As avalanche season in Colorado begins, now is a great time to be touching upon avalanche safety skills.

A number of great free online resources have blossomed in the past few years. There are too many to list them all, but this article will point you to a few that have a solid basis and comprehensive content to kick-off your ski season or touch up those skills mid-season.  Before I go on, to really apply your decision-making when traveling in avalanche terrain—you need to get hands-on training that is outdoors and includes guided skills practice as well as mentored application of route planning and safer travel. For this type of training, check out an avalanche level 1 class given in your local community.

To help you prepare for your level 1 class, or to provide a refresher after you have taken your level 1 class, check out these resources: 

  1.  Know Before You Go – by the Colorado Avalanche Information Center and the Utah Avalanche Center.

This program has two main components. The first is a 60 to 90 minute Know Before You Go (KBYG) avalanche awareness presentation given by a trained KBYG instructor that is often offered at various outdoor shops in the evenings.  It is a good introduction to what to consider for safer traveling in the regions that could have avalanche terrain. It was originally developed to reach the high school age demographic, however, the content is suitable for those of us well beyond our teen years.

The second part of the KBYG offering is a free online eCourse consisting of 5 quality learning modules. The modules have good graphics, interactive learning, and good videos.  The topics follow the KBYG points of “Get the Gear, Get the Training, Get the Forecast, Get the Picture,  and Get Out of Harm’s Way.”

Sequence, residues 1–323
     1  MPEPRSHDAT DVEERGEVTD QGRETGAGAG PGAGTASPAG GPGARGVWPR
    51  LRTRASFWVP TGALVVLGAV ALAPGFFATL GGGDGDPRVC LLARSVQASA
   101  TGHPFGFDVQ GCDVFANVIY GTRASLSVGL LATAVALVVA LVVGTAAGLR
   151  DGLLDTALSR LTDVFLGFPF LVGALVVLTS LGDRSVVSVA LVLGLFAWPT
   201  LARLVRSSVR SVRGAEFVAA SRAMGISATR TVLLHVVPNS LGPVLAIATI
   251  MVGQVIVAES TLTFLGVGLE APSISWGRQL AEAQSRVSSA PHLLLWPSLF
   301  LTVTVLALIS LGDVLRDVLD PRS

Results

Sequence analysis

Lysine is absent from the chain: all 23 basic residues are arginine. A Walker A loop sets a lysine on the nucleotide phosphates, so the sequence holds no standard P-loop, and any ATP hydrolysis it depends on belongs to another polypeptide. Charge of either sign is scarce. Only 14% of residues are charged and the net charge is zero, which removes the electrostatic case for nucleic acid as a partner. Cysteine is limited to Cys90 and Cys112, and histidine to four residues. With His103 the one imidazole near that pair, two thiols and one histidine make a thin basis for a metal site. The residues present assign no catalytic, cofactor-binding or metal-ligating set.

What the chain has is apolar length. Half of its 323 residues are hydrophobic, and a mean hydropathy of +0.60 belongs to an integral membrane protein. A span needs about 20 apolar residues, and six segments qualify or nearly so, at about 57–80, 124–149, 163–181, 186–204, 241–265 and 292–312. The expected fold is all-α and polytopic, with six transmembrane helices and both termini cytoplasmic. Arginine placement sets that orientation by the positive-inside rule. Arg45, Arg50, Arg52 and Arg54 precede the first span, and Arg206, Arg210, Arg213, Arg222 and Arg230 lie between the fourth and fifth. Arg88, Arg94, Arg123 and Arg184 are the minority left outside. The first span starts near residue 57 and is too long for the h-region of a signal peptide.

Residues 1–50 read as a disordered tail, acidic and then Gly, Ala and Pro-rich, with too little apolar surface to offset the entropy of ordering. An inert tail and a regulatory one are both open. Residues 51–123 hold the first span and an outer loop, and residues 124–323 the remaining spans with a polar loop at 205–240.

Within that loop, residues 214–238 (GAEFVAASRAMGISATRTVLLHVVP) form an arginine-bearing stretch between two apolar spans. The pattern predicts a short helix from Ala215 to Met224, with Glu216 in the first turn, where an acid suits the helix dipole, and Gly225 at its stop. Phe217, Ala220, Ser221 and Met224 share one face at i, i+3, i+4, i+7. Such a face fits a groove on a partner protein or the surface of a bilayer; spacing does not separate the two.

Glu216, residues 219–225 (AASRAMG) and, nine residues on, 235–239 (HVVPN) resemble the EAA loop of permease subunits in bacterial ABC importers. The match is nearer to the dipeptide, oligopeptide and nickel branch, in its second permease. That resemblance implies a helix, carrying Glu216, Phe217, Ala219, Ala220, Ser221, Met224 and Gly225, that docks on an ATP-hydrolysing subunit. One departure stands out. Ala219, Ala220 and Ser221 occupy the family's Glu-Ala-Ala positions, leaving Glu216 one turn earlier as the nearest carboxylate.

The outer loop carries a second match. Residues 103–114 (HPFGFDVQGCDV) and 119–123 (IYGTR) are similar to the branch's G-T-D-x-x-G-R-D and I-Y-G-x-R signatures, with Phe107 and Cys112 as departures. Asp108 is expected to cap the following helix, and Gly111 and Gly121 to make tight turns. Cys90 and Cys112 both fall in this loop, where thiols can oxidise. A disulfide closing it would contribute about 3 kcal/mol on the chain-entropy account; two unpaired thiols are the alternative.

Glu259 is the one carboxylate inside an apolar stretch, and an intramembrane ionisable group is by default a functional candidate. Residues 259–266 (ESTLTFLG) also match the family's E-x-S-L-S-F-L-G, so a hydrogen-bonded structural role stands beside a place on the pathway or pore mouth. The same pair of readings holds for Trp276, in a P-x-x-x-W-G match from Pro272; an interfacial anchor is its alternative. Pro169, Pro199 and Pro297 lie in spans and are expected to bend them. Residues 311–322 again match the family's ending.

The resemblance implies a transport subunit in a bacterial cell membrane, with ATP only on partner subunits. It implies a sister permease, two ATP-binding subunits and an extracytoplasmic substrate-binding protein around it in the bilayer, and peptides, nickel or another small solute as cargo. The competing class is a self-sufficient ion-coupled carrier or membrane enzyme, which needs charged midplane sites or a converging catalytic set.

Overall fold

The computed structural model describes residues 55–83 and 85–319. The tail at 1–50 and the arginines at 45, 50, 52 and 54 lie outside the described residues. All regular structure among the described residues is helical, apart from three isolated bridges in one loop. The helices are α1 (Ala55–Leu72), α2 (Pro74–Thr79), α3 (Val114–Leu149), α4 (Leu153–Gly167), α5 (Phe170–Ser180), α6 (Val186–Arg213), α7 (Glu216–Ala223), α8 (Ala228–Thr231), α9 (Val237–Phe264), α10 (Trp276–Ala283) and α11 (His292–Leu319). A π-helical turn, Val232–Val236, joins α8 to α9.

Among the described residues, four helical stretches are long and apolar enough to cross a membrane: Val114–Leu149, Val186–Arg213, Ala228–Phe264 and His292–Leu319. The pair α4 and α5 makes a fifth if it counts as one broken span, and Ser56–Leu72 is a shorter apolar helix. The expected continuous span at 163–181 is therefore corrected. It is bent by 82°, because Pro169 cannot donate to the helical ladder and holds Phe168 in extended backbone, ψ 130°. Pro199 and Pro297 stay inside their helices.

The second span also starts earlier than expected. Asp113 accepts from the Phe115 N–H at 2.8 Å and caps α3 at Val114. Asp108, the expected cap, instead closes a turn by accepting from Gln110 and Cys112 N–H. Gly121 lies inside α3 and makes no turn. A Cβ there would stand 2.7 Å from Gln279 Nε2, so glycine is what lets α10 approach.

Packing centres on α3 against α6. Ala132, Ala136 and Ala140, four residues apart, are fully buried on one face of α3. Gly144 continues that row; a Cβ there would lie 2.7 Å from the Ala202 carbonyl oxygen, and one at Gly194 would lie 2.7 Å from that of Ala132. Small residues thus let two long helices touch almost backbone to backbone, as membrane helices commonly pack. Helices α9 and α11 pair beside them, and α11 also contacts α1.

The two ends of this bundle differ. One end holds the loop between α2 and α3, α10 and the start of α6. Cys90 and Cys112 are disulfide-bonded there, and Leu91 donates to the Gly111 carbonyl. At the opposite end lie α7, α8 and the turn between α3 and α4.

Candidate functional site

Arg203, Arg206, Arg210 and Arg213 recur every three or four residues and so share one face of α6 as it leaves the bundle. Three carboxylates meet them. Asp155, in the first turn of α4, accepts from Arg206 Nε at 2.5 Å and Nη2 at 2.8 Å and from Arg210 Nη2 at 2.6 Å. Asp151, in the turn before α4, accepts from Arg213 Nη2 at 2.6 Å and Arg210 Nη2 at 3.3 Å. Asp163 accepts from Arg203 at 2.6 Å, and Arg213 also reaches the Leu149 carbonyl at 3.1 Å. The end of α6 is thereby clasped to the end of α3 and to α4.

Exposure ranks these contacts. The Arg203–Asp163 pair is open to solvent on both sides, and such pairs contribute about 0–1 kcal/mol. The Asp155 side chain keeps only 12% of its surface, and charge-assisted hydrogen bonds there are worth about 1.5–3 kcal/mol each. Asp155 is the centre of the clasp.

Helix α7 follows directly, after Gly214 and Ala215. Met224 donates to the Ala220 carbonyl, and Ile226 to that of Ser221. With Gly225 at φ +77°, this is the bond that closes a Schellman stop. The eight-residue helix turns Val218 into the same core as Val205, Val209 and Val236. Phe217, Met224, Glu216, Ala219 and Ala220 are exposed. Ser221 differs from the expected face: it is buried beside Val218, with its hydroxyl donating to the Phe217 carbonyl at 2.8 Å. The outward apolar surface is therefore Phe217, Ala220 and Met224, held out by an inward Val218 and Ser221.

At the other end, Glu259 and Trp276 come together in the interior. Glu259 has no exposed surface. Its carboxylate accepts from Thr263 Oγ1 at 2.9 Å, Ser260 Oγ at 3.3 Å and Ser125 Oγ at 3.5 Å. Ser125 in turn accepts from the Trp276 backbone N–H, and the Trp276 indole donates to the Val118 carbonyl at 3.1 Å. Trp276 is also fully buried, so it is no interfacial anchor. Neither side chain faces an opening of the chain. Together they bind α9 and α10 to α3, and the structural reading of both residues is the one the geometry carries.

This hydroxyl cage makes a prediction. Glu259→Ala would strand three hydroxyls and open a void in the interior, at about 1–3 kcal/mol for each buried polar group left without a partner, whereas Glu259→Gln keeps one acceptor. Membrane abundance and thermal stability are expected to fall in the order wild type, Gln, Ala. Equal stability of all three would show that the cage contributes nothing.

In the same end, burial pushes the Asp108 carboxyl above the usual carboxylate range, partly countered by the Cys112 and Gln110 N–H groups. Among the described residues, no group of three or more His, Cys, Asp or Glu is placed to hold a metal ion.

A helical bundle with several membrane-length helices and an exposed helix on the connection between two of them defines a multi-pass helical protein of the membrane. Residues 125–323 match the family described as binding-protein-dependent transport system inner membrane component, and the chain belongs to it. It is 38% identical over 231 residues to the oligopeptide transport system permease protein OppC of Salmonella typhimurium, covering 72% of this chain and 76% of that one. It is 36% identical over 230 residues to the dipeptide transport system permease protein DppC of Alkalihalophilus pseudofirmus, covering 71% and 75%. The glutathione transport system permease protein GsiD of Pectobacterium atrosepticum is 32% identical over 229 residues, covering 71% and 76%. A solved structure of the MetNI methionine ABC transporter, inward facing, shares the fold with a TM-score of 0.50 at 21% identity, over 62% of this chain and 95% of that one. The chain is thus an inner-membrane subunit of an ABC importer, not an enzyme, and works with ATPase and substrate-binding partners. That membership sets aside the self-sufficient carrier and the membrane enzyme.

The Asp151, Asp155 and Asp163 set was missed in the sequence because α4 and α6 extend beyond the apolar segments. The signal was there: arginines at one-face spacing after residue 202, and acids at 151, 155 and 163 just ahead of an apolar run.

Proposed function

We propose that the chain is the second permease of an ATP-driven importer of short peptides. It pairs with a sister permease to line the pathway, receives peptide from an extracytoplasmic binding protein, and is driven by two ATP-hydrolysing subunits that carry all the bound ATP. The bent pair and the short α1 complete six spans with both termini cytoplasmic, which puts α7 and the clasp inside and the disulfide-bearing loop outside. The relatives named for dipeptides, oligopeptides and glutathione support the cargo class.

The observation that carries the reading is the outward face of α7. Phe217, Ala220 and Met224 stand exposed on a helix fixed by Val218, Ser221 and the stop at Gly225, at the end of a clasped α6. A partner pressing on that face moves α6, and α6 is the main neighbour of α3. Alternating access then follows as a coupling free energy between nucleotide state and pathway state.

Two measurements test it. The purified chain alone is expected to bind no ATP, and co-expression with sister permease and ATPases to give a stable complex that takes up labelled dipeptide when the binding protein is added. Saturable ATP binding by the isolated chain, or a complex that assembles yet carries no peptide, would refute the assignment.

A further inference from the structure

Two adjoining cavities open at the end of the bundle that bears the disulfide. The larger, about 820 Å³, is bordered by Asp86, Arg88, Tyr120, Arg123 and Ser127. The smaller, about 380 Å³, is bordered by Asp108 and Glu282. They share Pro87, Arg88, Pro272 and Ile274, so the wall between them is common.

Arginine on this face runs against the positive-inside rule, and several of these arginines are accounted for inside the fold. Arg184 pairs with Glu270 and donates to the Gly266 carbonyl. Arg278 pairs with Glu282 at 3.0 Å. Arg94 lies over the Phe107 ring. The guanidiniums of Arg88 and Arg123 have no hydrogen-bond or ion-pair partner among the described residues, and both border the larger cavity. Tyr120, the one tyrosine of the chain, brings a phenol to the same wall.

1.  AIARE (American Institute for Avalanche Research and Education) Online Learning:

AIARE is an educational organization that creates research-based education programs for avalanche safety for both the backcountry recreationist and the avalanche professional.  The courses are a combination of classroom and field training. They include a good online study module ( ) designed to be completed before a student takes the field-based courses. Also check out the Educational Resources page ( ) for a list of great videos, podcasts, and articles for the backcountry traveler.

A nice supplement to the AIARE learning is this article on winter navigation: ( ).

  1.  Avalanche Canada Training Course:

Our neighbors to the north have long had a solid avalanche education program and this free online training website continues its quality program. A small portion of the content is Canada-specific, but overall the content applies to the U.S. mountains and is well worth your time checking it out.

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